9 Application of State law States do not have the power to pass laws which have effect within Commonwealth places because of s 52 of the Constitution (Worthing v Rowell and Muston Pty Ltd (1970) 123 CLR 89 and The Queen v Phillips (1970) 125 CLR 93). So the Commonwealth passed the Commonwealth Places (Application of Laws) Act (R v Porter (2001) 53 NSWLR 354). 9

10 The Commonwealth Act Adopts State law as Commonwealth law – ‘according to its tenor’. (Commonwealth Places (Application of Laws) Act 1970 (Cth) s 4; R v Giannakopoulos & Marzilli [2013] SASCFC 50). State laws do apply to Commonwealth places: –But not if they are inconsistent with Cth law; or –The regulations say they don’t. 10

11 At the airport Commonwealth law applies (such as the Air Services Act 1995 (Cth)); and State law (such as the Emergency Management Act 2005 (WA)) also applies. Are the laws inconsistent? 11

12 Emergency Management Act 2005 (WA) Requires appointment of Hazard Management and Combat agencies (ss 4 and 6). Requires the creation of relevant emergency policies and plans (ss 17 and 18). 12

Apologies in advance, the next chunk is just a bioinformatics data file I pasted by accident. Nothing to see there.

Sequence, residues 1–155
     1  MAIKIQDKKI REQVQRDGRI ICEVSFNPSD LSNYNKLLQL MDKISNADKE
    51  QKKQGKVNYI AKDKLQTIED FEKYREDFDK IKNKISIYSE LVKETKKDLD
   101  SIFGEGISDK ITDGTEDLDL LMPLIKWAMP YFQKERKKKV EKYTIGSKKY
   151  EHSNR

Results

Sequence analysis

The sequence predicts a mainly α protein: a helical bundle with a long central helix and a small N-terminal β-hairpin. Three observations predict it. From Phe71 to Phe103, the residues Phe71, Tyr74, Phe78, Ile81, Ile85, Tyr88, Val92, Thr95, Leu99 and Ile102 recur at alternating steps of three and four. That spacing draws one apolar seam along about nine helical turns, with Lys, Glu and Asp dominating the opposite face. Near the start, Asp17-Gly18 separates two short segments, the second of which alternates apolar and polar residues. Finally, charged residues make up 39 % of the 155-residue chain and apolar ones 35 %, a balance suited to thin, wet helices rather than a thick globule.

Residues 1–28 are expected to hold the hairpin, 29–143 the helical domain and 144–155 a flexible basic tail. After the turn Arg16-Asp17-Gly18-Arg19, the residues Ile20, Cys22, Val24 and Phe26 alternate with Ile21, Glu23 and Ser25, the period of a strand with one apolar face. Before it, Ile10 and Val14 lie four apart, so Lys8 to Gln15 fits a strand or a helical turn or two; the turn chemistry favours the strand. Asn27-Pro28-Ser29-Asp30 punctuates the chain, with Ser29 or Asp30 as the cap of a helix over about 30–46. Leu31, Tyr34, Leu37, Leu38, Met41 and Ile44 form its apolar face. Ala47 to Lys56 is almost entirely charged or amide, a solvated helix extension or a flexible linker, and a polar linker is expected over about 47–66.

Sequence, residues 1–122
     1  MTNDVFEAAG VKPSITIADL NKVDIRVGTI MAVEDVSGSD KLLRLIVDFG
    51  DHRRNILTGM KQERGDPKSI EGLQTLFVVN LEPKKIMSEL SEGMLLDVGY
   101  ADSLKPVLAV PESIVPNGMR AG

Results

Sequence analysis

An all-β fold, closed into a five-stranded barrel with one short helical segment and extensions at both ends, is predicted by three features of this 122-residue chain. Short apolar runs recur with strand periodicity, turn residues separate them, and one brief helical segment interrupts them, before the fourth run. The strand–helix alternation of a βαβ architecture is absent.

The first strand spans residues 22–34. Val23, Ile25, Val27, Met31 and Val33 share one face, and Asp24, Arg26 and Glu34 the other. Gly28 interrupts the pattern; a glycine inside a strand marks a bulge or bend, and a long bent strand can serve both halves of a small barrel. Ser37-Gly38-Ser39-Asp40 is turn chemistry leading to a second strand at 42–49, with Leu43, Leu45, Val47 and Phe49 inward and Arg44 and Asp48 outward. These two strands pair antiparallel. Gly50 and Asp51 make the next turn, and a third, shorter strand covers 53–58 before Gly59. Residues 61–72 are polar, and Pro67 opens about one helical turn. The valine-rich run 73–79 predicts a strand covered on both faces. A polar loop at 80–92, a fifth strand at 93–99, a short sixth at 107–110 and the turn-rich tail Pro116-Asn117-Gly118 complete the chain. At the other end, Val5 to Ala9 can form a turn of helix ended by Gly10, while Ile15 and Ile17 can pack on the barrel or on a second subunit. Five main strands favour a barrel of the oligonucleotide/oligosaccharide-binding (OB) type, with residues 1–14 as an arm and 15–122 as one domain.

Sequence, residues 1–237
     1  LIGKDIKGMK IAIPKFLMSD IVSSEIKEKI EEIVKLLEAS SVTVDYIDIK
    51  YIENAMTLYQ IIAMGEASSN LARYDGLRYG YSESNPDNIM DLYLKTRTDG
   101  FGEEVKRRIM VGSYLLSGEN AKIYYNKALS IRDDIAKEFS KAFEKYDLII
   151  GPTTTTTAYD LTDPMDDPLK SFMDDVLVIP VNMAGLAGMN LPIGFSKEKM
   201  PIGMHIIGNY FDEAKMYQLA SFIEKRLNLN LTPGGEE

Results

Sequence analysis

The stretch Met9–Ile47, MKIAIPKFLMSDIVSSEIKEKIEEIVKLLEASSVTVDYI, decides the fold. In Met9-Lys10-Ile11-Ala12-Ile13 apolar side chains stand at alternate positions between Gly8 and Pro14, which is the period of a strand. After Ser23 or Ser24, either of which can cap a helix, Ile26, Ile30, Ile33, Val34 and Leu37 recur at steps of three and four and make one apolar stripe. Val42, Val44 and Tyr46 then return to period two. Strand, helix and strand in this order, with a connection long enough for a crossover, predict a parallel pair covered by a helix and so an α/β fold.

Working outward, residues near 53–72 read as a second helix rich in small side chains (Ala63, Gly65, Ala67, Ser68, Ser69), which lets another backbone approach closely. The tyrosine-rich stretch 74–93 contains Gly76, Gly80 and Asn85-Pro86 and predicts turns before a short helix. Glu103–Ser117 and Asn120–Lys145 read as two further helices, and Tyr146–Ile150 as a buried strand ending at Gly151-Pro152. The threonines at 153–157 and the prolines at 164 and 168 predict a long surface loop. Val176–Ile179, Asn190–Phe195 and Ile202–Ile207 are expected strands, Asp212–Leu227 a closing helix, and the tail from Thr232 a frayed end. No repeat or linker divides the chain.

13 Westplan – Air Crash “… is to detail the management arrangements for preparation and response to an air crash emergency within WA…” 13

14 Perth Airport Aerodrome Emergency Plan (3.2.1): “… response to emergencies is the responsibility of relevant State and Commonwealth emergency management agencies … The response will be reflective of the State arrangements for the risk or hazard encountered.” 14

15 The legislation assumes a key role for state agencies State emergency services, when responding to an emergency, may: –Enter a landside or airside security zone of the airport; –They do not need an ASIC; –They do not need to pass security screening; –They can keep their ‘tools of trade’. (Aviation Transport Security Regulations 2005 (Cth) regs 3.13, 3.18, 3.19, 3.26, 4.10, 4.11 & 4.62). 15

16 Westplan Air Crash WA police are the hazard management agency. AFP assume initial control and coordination of emergency at Perth airport, until they are in a position to hand over to WA Police. 16

17 Air Services Australia “Provide aviation rescue fire fighting services at major airports and response within 1000 metres of an aerodrome; Provide fire fighting suppression response capabilities; Provide advice on issues relating to rescue.” (Westplan Air Crash p 31). 17